Occupational therapy is focused on maintaining and improving the ability to engage in daily activities, whether self-care, paid work or leisure pursuits. An occupational therapist can help people with multiple sclerosis (MS) preserve quality of life by finding ways to work around disabilities, teaching energy conservation strategies, and providing counseling. Since MS symptoms and disabilities vary between individuals, your therapist will carefully tailor a program to your specific challenges and goals.
Fatigue and physical disability lead many people with MS to curtail their activities and become increasingly sedentary and isolated. However, by addressing the physical, cognitive and emotional challenges that people with MS face, occupational therapy can make it easier to stay independent, active and engaged in their lives.
What does it involve?
Depending on what state you live in and what type of insurance you have, you may require a referral from your doctor in order to see an occupational therapist. Occupational therapists may have private practices or work at clinics, schools, skilled nursing facilities or home care agencies.
At your first occupational therapy session, the therapist will ask you detailed questions about the activities with which you are having trouble. They will identify personal factors such as your MS symptoms, physical condition, cognitive issues such as memory, and emotional health; environmental factors such as assistive devices and social support networks; and occupational factors such as the demands and timing of the tasks on which you want to focus. In addition, they might perform tests to evaluate your range of motion, muscle strength, fatigue levels, or neuropsychological functions.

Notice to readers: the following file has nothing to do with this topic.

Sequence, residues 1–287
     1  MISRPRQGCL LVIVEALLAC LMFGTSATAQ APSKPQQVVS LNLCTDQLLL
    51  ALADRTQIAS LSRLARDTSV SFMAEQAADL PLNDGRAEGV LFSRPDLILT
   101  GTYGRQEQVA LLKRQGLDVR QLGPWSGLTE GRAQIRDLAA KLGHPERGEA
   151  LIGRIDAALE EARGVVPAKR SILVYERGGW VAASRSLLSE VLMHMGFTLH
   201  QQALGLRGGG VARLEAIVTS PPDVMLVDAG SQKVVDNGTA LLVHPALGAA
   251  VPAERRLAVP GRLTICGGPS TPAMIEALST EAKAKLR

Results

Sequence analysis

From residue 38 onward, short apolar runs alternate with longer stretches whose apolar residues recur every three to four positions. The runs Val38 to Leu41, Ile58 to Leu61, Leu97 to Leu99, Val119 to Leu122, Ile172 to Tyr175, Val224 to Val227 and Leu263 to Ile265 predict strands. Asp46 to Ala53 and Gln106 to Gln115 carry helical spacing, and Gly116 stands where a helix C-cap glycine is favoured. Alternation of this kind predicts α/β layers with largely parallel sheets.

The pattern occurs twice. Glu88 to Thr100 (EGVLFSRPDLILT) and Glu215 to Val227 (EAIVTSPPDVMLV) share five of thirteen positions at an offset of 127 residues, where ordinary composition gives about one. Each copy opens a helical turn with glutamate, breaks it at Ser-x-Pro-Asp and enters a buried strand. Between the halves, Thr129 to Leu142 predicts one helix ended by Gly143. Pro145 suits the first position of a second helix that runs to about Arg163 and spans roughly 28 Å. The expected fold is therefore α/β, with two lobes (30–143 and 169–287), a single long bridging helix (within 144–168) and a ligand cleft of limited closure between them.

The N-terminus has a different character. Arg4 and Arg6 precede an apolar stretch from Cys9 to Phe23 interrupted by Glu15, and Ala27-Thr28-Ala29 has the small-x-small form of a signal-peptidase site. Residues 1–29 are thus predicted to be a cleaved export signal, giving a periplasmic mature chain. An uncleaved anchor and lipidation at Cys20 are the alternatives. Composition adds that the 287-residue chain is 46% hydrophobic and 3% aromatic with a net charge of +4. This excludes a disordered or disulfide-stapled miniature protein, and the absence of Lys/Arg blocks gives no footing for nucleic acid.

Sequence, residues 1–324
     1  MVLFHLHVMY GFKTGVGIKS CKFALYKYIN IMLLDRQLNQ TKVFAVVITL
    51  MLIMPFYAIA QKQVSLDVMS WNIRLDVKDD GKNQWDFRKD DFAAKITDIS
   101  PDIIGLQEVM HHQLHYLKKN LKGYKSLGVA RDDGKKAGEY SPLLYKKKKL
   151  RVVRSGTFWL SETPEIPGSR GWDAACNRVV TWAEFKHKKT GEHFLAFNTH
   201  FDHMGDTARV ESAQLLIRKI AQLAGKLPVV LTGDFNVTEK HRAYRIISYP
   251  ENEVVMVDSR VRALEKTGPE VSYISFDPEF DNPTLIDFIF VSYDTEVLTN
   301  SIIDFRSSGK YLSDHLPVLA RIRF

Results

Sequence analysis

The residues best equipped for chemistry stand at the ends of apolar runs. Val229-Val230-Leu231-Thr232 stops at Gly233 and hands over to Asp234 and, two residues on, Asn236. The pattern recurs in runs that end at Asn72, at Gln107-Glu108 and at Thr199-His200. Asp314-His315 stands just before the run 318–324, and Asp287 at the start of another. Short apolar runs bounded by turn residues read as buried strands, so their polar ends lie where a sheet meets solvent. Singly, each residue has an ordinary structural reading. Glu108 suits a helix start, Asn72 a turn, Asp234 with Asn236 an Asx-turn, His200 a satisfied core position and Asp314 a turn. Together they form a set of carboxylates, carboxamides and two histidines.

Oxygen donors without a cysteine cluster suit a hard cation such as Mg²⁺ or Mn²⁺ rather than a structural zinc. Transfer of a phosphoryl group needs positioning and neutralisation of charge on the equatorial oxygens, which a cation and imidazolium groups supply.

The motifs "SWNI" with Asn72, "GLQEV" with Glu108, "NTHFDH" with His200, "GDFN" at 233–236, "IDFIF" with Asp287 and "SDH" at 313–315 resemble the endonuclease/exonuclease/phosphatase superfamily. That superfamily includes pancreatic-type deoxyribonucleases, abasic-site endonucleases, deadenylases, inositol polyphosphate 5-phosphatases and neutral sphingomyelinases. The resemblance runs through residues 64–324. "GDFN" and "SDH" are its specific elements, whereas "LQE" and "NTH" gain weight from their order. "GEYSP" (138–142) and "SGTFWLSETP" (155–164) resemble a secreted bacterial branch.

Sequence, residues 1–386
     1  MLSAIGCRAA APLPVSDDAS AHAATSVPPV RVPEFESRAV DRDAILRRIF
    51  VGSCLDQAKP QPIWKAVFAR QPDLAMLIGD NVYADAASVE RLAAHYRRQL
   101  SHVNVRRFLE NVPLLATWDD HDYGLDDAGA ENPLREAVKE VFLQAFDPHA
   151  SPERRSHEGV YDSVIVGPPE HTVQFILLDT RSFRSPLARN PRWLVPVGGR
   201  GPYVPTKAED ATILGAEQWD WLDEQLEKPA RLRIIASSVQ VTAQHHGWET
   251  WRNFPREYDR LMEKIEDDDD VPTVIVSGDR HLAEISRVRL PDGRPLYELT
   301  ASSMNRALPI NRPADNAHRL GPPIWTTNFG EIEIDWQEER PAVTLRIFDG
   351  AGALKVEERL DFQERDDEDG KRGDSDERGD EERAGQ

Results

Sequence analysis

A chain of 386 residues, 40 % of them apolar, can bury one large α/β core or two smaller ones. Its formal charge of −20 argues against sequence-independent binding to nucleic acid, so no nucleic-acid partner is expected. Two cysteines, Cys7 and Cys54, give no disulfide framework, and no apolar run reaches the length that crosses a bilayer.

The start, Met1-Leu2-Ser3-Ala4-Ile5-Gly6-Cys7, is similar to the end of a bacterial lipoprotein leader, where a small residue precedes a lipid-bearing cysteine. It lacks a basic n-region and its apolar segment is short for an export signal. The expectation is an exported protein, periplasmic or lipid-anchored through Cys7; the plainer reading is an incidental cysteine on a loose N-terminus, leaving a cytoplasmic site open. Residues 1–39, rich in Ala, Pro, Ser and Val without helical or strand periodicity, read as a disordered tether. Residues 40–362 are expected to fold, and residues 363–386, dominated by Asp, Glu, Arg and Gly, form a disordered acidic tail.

Using all of this information, the occupational therapist will set goals for your therapy. Goals might be finding ways to compensate for disability, preventing injury, or regaining or retaining abilities. Specific examples of occupational therapy interventions include making adjustments to your work or home environments to allow for easier movement or vision; learning to set reminders on your phone if you have trouble remembering tasks; learning new ways to perform tasks such as bathing, dressing, or preparing meals; or learning how to choose and use assistive devices such as wheelchairs.
Some occupational therapists specialize in certain areas such as cognitive rehabilitation, driving, or returning to work.
The goal of occupational therapy in general is to keep people engaged in meaningful, productive activities despite the challenges they face.
One retrospective study in 2010 examined the outcomes of people with MS over five years who received occupational therapy at an inpatient rehabilitation center. The Functional Independence Measure (FIM) score of those who received occupational therapy during their stay were significantly improved between admission and discharge. Occupational therapy interventions were found to help most with cognitive rehabilitation, reintegration into the community and self-care.
Most types of insurance will only pay for a limited number of occupational therapy appointments.
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